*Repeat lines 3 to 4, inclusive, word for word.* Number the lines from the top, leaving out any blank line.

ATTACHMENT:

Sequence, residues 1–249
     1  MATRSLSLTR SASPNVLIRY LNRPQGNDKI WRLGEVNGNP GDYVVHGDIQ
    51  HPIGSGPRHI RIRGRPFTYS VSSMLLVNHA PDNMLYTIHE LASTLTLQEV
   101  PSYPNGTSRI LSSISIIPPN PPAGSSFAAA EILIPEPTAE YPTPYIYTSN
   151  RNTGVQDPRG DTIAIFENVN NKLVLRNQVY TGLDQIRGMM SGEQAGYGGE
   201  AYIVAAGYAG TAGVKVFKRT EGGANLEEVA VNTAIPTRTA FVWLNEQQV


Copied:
    51  HPIGSGPRHI RIRGRPFTYS VSSMLLVNHA PDNMLYTIHE LASTLTLQEV
   101  PSYPNGTSRI LSSISIIPPN PPAGSSFAAA EILIPEPTAE YPTPYIYTSN